Your deadline is now. Actually it’s tomorrow morning but your project or presentation is a mess. Something has got to happen or you’re toast.
Feel that panic? I do.
What is it that causes us to pull it together and deliver the goods in the 11th hour?
The creative process is perhaps my favorite topic to write about. I’m reminded of some great principles extracted from Genesis 1, that help me manage my creative endeavors, whether for work or personal.
“In the beginning God created the heavens and the earth. The earth was formless and void; and darkness was over the surface of the deep; and the Spirit of God was moving over the surface of the waters.” Genesis 1:1-2
In the beginning of a creative effort, we find it formless and void. We are shocked and even panicked at its lack of form. The vacuum can be overwhelming.
“…Darkness was over the surface of the deep… ” The lack of light – even life – is everywhere. This reminds me of when, too early on in a project, we are looking for life, a spark, and it is off-putting when we don’t find it. God, in His most notable creative work, creation itself, indicates that darkness was everywhere.
We are invited to emulate God in His creative method, to brood over our creative works until they become transformed, bearing Light and Life.
“Then God said, ‘Let there be light’: and there was light. And God saw the light, that it was good: and God divided the light from the darkness.” Genesis 1:3-4
Creative endeavors come in all sizes shapes and colors. Regardless of what it is, it is necessary to say what it’s going to be.
A teacher creates a lesson plan against a curriculum. An architect works against a blueprint. With my line of work I have a functional design and deliverables. A writer produces an outline of what he or she will write. Every line of work has its own commitment of what the creative effort will be, or not be. In doing so we emulate God’s method when He says, “Let there be Light.”
The words we use to define a project are often packed with meaning. My teacher friend often cites how a curriculum she has compiled meets the requirements of ‘Common Core’. Among teachers and parents that phrase is packed with meaning. God’s reference to Light is packed with meaning too, in His first words He is creating a way for the Son to be made manifest in the natural realm, His Son who is already present with Him at Creation. Father, Son and the Holy Spirit are all present there in that moment.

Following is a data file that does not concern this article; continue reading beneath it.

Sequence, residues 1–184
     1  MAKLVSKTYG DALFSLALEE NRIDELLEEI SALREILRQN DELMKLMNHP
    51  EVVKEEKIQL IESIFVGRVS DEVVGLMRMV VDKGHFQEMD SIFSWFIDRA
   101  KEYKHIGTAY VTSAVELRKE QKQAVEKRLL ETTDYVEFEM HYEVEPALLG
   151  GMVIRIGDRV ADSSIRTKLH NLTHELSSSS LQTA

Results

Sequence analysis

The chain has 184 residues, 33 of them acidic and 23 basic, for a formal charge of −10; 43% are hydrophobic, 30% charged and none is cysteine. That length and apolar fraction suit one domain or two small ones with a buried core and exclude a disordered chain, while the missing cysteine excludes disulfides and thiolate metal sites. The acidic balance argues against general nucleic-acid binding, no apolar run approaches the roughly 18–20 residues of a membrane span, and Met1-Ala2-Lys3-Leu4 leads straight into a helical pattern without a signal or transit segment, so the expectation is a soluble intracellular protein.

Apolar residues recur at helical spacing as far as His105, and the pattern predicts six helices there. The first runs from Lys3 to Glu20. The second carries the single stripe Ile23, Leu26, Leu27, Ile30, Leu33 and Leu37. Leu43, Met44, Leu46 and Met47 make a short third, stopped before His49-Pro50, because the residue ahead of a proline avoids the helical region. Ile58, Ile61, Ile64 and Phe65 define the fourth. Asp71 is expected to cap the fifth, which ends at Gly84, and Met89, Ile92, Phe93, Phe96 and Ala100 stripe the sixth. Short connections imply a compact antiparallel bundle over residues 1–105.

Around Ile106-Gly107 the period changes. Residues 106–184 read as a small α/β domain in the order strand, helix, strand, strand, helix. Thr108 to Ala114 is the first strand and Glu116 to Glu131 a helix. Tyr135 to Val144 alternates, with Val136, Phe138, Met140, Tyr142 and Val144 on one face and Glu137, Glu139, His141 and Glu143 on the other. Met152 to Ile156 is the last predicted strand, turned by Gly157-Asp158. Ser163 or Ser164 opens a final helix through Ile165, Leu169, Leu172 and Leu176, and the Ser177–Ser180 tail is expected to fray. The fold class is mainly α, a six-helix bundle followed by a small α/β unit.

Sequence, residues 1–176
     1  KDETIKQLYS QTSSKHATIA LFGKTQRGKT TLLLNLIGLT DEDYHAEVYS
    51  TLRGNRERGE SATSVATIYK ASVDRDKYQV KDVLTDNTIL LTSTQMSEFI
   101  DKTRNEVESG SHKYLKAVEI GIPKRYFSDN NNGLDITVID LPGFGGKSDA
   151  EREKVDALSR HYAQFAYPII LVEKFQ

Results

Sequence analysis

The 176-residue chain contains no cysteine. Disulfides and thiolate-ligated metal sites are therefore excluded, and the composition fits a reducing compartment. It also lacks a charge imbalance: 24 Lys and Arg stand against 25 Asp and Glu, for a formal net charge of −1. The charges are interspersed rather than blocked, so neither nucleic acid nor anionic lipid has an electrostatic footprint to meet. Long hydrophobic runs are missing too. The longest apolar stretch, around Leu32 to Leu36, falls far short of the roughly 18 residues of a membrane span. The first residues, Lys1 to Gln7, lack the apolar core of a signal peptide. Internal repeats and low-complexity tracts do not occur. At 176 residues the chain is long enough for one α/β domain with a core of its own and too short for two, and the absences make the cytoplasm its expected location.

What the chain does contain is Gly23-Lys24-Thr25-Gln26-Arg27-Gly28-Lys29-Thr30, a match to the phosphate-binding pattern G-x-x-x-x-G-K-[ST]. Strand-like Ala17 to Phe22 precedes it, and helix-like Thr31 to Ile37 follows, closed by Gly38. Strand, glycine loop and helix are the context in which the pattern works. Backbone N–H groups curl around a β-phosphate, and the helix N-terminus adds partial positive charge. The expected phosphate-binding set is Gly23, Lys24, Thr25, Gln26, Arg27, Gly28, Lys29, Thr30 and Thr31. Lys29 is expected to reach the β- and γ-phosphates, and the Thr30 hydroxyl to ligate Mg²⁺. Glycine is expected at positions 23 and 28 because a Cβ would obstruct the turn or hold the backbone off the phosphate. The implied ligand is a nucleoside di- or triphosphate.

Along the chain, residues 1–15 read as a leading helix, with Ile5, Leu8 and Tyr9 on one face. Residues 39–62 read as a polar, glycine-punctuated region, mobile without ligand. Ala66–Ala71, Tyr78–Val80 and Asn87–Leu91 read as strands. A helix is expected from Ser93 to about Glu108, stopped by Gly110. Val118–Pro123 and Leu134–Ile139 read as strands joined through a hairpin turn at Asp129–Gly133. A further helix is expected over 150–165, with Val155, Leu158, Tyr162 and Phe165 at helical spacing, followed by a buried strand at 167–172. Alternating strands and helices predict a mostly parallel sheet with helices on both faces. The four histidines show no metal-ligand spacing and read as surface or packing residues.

The creative process is multi-dimensional but we break it down by realizing that every endeavor is, at first, formless and void. It only begins to become when we declare what it will be and what it will not be.
Enough for now. Go create!
The bird also has found a house and the swallow a nest for herself
where she may lay her young.
With a singular focus and deliberation the bird circles and circles until she finds a safe place in which to nest. She is stirred and on a mission until she finds what it is she is looking for: a place. And then she broods, rarely if ever leaving until her eggs hatch.
A woman intuitively looks for safe places in which to lay her young, whether it’s for the children of her womb or the artistic endeavors of her spirit. She longs to give birth to the verses and the stories and the melodies but until their appointed time they remain hidden deep within … taking form, growing, nourished through her until they are able to sustain life on their own.